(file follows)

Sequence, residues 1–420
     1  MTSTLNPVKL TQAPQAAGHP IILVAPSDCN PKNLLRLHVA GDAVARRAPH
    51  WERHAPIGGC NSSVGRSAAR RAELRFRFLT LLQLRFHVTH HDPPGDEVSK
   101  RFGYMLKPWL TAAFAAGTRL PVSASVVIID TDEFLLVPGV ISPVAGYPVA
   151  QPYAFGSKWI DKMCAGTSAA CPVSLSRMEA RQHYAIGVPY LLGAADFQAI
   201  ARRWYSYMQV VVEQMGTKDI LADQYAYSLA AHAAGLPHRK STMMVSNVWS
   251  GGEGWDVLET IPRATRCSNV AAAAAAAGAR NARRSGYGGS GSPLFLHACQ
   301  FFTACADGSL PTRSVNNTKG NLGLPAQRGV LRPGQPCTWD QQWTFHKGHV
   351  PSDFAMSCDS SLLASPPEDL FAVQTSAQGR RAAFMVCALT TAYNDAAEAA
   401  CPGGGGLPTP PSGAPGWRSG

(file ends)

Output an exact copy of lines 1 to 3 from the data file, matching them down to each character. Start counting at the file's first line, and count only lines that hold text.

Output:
Sequence, residues 1–420
     1  MTSTLNPVKL TQAPQAAGHP IILVAPSDCN PKNLLRLHVA GDAVARRAPH
    51  WERHAPIGGC NSSVGRSAAR RAELRFRFLT LLQLRFHVTH HDPPGDEVSK